Reviews written by registered user
|7 reviews in total|
This has the usual chases and fights of a Jackie Chan movie, and Chan's rubber face gets its usual workout. But 27 minutes of the movie have been cut in the English release, and there are many subplots that are started and never explained. If you like Jackie Chan, it's okay. If you've never watched him, start with a different movie.
The story of a director who is frustrated with real actors, S1m0ne is his digitally-created answer. The familiar story of a successful lie that grows beyond bounds, it has a twist on the usual ending. Rachel Roberts is, indeed, the "perfect woman".
This has the feel of the TV Charlie's Angels, same sort of music with a male voice-over. You get to see lots of scenes with pretty naked girls, and the series is old enough that at least two haven't been silicone super-sized. But it is pretty dull waiting for them to take their clothes off and jump some guy.
Okay special effects, but this is a standard good-vs-evil plot. It looks like a pilot for a TV series. This means it is rated PG, which prevents us from seeing more of the lovely Kimberley Davies, not to mention Gabrielle Fitzpatrick.
This is my favourite kind of movie: a glimpse into another way of life with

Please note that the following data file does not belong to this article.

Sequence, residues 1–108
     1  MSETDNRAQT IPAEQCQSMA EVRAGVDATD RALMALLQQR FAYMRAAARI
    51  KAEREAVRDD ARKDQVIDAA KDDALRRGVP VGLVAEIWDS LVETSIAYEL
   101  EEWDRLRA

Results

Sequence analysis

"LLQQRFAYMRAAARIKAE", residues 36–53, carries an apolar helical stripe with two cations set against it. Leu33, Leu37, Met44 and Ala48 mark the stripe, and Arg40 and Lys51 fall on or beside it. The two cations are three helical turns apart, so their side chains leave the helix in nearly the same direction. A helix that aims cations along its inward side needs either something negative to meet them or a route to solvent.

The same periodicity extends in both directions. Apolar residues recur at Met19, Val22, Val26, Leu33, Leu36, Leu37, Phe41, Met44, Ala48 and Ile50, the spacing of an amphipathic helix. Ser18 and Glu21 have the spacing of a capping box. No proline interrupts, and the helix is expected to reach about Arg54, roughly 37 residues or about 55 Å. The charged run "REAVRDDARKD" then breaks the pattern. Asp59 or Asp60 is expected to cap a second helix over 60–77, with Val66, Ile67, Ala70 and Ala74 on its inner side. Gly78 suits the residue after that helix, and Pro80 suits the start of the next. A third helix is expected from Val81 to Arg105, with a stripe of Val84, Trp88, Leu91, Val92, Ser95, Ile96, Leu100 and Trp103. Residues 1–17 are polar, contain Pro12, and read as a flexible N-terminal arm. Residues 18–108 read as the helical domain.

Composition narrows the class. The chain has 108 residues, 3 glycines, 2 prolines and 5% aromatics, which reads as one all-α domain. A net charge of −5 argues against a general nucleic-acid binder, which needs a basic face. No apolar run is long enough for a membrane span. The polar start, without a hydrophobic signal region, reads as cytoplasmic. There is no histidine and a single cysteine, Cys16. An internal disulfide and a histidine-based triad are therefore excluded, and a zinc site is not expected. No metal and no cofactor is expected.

mythological overtones. An examination of good and evil, the ending blew me
away. Without disclosing the end, a fairly standard plot of jealousy and
revenge is transformed by a non-Western view of good and
The film is gorgeous, the detail meticulous and (I assume) authentic.
This movie shows the best parts of humanity: the seemingly random attraction of the protagonist to another culture, the amazing talent which allows him to absorb a completely different musical idiom merely by listening to it, the amazing warmth of the cultural hero of a small, proud country, the pride and acceptance of the Tuvan people. These all combine with the unseen presence of one of the greatest American scientists to form a unique movie.
The movie revolves around the country of Tuva in Central Asia. Tuvans have
an unusual style of singing, throatsinging, which produces several tones at
once, sometimes very high or low. A blind American bluesman, Paul Pena,
teaches himself to sing this way, and ends up going to Tuva to compete in
their triennial throatsinging contest.
The description of the movie does not come close to describing it. Somehow the late Nobel Prize-winning physicist, Richard Feynman is involved, and his curiosity and vision drive the events. The amazing talent of Pena is shown in an unexpected context. And the culture and worth of the Tuvan people, exemplified by their national artist, Kongar-ol Ondar, is highlighted.
This documentary shows what is best about the human race, how fate draws people together, and what we have in common in spite of our obvious differences. It is one of the most inspiring movies I've seen.